However, there are strong links to what children are learning elsewhere, and which they bring to the studio quite naturally. Think Tank enables them to talk about these ideas and skills in a new context, which is invaluable. Surface learning becomes embedded into deep learning as the children make connections that are meaningful to the projects. Think Tank discussions therefore involve personal know-how and knowledge acquired in class from all areas of learning. Literacy, numeracy, knowledge and understanding of the world, social and emotional skills and predispositions, fine and gross motor skills, creative thinking and problem solving meet in the Think Tank, demonstrating the uniqueness of each student that becomes a vital element in the creation of projects that celebrate multi-perspectives:
“Nothing of me is original, I am the combined effort of everyone I’ve known.” (Palahniuk, 1999)
Think Tank therefore celebrates and brings together the school as a learning community. Parents become partners in exhibitions and performance art pieces when everyone adds to the outcome. During the lockdown parents themselves became Think Tank mentors themselves by stepping inside the experiences and working with the children to produce family pieces in a process of incredible educational value.
The richness of the Think Tank experience is best expressed in the words of the children themselves, as in the poem spontaneously presented by a seven year old participant to her parents as a gift:
The Think Tank is full of ideas,
If you listen with your ears, just peer through here,
And maybe you will see a pear,
You will see oysters and monsters.
But don’t worry you don’t need to say sorry.
Now watch this film (Ripples) and you will be surprised
With what your child has learnt.
Holly Warren is an atelierista, or art studio teacher, working in an international school in Italy. She is the creator of Think Tank – a new project environment that links the creative process of art with Montessori, Steiner and Reggio Emilia educational methodologies.
To learn more about her ideas see:
Images kindly provided by Holly
Helping children cope with worries
Since children’s worries often interfere with their learning, it is helpful to understand their concerns. Sometime before lockdown, Leah Davies asked 320 third graders to list one or two things they think about when they cannot sleep. Perhaps these worries are even more important now.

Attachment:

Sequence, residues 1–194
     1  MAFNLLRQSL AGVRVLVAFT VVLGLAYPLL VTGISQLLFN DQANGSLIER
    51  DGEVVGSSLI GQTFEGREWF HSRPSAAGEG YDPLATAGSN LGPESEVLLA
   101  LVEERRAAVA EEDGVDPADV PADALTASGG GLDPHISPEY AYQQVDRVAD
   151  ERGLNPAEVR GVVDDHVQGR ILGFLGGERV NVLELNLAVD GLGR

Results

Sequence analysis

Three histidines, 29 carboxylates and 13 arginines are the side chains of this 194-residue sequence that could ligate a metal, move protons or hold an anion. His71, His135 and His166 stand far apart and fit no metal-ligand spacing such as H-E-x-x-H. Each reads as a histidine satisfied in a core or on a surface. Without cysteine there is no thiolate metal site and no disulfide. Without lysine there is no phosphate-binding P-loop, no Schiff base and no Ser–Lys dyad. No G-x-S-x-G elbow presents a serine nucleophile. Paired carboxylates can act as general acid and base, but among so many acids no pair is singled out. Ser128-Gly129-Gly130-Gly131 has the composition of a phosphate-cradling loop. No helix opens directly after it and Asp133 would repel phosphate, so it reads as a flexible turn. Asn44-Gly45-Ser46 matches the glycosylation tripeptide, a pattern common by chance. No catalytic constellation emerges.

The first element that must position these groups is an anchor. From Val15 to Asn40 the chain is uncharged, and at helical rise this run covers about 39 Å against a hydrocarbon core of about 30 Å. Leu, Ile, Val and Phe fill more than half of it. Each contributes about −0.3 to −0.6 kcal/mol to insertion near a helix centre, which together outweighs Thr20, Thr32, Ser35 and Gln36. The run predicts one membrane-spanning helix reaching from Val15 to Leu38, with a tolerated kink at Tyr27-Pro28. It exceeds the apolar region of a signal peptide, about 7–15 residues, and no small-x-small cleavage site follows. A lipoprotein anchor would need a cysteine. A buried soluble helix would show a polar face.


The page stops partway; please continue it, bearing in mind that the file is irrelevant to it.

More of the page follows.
Helping students cope
School personnel need to provide a safe, supportive environment where children feel free to discuss their thoughts and feelings about war. Leah Davies advises that by listening carefully and answering questions on a level students can comprehend, children will learn that they are not alone in their concerns.
The importance of empathy for school leadership
Empathy is a formidable confidante which allows educational leaders to build collaborative communities which influence, innovate and enhance student outcomes. Melissa Etherton explores empathy as a leadership tool and how it can have a positive impact on a school community.
Introducing holistic education to a new generation of international students
As Ziwei Luo herself is the first to explain, there is nothing new about ‘educating the whole child’. What is new, however, is the growing appeal of this approach for Chinese families. Here she suggests that with the right support, students from families unused to a holistic approach are able to develop skills that allow them to thrive beyond the classroom.
The Duke of Edinburgh’s International Award and its importance for young people
For Nick Chaddock, a student’s ‘soft skills’ are just as important as academic achievement as they prepare for their future. He also thinks that the Duke of Edinburgh’s International Award has had a profound impact on both.
Uncovering submerged values with P4C
There is a lot of talk about “Values Education”, but what values will be relevant for an interconnected, mobile world, in which our two to six year olds will be living and working. Stephen Walshe looks at the role Philosophy for Children (P4C) can play in uncovering their “submerged” values.